Long before Atkins declared the war on carbs, Jean Anthelme Brillat-Savarin (1755-1826) had done exactly the same. Cheese, however, he truly loved.

Unfortunately, carbs have been deemed evil, just as fat was in the 1980s and 1990s. Too many carbs are said to make us obese, old, lazy and ill. Not exactly the best thought when standing on line to order my viennoiserie in France. Especially because I know I will also walk away with a baguette. And perhaps one of those pretty tartelettes with gleaming, bright red strawberries —  for dessert, you know.
I can almost hear Brillat-Savarin shaming me, forcing me to step out of that line and make my way home. (PS: Not a chance.)

In 1825, the respected lawyer, politician and gourmet (not ‘gourmand’, a ‘gourmand’ is someone who stuffs their face) published one of the most influential masterpieces in food history, a book by the name of Physiologie du goût (beautifully translated into English by American food writer and critic, M.F.K. Fisher in 1949. In the book, he explained the art of eating well and the effect food has on our bodies. Combining scientific evidence with aphorisms such as “Tell me what you eat and I’ll tell you who you are,” the book, which was published a few months before his death, was a huge success.
Brillat-Savarin shamed carbohydrates, giving examples of people suffering from obesity who had indulged in foods such as potatoes, rice, bread and sugar. Ironically, the rum-drenched, carborific Gâteau Savarin was named after him!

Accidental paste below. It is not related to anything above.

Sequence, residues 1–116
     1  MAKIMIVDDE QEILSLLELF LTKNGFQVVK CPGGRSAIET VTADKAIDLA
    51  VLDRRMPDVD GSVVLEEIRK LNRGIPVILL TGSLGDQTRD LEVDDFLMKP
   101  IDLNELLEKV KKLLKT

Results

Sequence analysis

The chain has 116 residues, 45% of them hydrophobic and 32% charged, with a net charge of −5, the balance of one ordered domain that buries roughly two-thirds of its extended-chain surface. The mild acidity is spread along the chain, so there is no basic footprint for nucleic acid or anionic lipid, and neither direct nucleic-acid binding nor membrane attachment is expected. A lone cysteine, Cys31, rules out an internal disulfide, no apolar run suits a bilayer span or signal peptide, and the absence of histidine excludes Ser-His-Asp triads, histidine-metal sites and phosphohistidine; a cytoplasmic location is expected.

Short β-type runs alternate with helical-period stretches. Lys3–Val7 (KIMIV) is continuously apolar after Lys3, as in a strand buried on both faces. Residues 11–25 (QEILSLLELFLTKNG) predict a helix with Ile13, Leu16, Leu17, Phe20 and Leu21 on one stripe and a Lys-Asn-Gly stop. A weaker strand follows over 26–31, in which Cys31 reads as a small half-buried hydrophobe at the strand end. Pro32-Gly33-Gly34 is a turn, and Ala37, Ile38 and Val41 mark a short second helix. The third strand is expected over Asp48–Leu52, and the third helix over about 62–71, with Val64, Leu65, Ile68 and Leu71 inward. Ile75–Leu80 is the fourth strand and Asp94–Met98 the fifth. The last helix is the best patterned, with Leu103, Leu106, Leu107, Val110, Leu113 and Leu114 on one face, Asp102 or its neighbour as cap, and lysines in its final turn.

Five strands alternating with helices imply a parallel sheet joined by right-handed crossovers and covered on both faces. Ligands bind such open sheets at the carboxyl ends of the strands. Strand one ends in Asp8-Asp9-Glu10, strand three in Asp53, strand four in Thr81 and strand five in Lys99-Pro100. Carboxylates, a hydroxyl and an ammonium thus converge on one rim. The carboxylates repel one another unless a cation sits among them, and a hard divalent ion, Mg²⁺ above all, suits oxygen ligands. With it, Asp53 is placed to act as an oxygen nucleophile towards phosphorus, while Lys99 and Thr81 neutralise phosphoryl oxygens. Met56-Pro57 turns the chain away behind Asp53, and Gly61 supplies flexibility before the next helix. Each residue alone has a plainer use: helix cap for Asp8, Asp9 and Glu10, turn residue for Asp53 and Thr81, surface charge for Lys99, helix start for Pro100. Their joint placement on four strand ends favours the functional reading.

Understandably, however, one of the fattiest, richest French cheeses was also named after him. Brillat-Savarin loved cheese and proclaimed: “Un repas sans fromage est une belle à laquelle il manque un oeil” (A meal without cheese is like a beauty without an eye); “Le fromage est le complément d’un bon repas et le supplément d’un mauvais” (Cheese complements a good meal and supplements a bad one).
The history of Brillat-Savarin cheese, which has a fat content of roughly 75%, goes back to the 19th century. Back then it was called ‘Excelsior’ or ‘Délice des gourmets’ and was first made in Forges-les-Eaux in the Seine-Maritime, Normandy. In 1930, it was given its current name by Henri Androuët, a renowned Maître Fromager from Paris. Today, the cheese is not only produced in Normandy, but also in Île-de-France and Bourgogne.
When young, the white mould cheese (fromage à croûte fleurie) has a mildly acidic taste with hints of nuts and truffles. Ripe, it becomes saltier and more intense. It is a creamy – almost buttery – triple crème cheese, which means that cream and milk were added during production. Sometimes it is rightfully referred to as the ‘foie gras’ of cheeses.
In my opinion, it is definitely a cheese that demands to be enjoyed with bread, despite Monsieur Brillat-Savarin’s warnings, and the fear of carbs (which I will never understand).
On a final note, we should also take heed of what he wrote: “Les animaux se repaissent; l’homme mange. L’homme d’esprit seul sait manger.” (Animals feed, people eat. Only intelligent people know how to eat). In other words, taste, enjoy and relish everything in moderation. My advice exactly. And may I add that the cheese pairs beautifully with dates and a glass of Champagne?